Warrantless Retrieval of Electronic Automobile Data Held to Be Unreasonable Search

The Supreme Court of Georgia has ruled out that electronic automobile information retrieval from any electronic information recording device without a proper warrant at a deadly collision scene was search & seizure which implicates Fourth Amendment.

The court further went ahead to hold such data retrieval as unreasonable search & seizure which is forbidden by Fourth Amendment. It further held that the State did not identify any sort of recognized exception for warranting requirement applicable for facts. Hence, the trial court then should have allowed ‘motion to suppress,’ as per the court. And as such, the Court of Appeal’s judgment of affirming conviction of defendant in case of vehicular homicide had been reversed.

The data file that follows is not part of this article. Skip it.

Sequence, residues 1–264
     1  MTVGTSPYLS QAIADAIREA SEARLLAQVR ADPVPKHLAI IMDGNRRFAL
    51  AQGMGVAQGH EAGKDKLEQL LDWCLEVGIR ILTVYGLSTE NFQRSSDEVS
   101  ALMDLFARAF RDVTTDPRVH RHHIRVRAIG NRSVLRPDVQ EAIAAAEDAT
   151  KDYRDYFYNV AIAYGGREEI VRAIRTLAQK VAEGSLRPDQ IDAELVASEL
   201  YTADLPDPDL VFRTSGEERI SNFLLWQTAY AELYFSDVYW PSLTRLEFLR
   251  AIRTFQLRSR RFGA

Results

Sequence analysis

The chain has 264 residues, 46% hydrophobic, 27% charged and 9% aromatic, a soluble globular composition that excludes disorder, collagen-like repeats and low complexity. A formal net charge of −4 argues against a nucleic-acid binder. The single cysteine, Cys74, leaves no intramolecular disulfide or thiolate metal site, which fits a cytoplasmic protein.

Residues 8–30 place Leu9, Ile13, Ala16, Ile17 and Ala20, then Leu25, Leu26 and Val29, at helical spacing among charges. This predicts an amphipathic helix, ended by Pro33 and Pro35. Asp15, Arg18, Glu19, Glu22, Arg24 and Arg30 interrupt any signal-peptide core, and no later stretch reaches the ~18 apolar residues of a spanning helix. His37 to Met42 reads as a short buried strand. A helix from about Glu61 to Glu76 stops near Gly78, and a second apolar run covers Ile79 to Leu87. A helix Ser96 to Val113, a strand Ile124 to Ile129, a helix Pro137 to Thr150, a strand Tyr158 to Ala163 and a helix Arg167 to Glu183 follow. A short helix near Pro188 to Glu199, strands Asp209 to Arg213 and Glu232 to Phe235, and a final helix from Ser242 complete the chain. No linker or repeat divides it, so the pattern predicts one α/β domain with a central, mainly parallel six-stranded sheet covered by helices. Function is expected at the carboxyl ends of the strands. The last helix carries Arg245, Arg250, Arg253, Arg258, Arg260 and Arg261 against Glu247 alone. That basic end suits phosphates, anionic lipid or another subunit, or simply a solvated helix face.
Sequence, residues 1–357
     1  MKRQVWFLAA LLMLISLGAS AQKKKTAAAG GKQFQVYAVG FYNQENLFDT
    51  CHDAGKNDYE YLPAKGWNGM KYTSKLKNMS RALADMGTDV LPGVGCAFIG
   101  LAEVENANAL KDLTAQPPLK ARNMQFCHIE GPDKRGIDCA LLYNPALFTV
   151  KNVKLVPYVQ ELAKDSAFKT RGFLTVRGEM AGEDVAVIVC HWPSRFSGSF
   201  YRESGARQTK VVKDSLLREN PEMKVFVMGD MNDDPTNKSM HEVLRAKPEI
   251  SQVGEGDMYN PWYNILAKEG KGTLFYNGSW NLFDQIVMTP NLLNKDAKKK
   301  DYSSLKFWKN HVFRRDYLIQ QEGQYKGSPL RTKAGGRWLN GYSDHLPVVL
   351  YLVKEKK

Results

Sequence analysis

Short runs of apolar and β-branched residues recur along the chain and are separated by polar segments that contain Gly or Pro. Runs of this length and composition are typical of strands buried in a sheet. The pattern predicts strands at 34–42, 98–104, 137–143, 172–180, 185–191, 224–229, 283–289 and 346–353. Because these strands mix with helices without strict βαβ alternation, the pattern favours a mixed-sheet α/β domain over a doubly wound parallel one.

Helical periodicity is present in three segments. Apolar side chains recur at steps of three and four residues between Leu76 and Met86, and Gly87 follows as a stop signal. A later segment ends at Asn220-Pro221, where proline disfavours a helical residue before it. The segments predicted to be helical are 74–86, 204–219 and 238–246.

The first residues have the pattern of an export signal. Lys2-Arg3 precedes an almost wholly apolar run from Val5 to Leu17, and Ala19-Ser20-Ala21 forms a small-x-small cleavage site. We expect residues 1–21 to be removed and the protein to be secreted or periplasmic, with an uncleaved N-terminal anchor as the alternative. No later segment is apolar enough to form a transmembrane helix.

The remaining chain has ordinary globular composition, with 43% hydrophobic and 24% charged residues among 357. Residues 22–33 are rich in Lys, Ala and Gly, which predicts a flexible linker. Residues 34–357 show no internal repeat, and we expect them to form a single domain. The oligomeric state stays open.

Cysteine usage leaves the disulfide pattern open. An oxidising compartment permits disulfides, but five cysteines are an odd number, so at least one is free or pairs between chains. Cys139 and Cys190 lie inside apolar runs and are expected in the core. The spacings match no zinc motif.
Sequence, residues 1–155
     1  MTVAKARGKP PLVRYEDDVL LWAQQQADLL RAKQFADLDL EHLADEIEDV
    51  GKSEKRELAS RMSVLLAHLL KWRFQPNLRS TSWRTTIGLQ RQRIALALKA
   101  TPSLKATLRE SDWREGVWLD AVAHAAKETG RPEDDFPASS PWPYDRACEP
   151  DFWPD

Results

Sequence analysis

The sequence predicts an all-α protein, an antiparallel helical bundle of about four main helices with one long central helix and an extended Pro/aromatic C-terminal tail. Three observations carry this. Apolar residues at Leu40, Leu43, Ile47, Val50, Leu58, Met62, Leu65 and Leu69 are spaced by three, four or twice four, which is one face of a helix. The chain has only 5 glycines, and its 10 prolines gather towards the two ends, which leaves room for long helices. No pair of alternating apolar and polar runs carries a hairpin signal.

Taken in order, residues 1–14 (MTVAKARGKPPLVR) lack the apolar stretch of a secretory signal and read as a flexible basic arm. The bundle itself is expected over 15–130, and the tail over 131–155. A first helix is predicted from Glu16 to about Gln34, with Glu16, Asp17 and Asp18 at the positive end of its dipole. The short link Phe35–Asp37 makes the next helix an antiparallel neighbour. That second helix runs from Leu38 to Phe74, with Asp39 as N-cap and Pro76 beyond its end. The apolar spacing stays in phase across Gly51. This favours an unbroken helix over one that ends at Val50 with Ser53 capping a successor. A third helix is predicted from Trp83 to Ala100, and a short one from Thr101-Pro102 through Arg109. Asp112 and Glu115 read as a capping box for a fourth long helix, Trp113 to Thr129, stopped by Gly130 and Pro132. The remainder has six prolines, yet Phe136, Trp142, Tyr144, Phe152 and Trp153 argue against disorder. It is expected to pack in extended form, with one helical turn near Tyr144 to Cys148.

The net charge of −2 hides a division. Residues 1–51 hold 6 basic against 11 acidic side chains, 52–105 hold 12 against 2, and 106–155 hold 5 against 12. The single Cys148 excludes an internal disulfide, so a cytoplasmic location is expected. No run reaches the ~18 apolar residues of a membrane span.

As per previous reports, the defendant has been convicted for vehicular homicide on the basis of evidence retrieved through his car’s electronic data which revealed that he drove at high speed before the accident. At the time, the defendent had appealed the trial court’s decision which refused his ‘motion to suppress’ the evidence of data that officials retrieved without any warrant from electronic information recording device present on his car.

As such, the latest decision is a significant follow-up of the guidance issued by Supreme Court when it comes to digital privacy.

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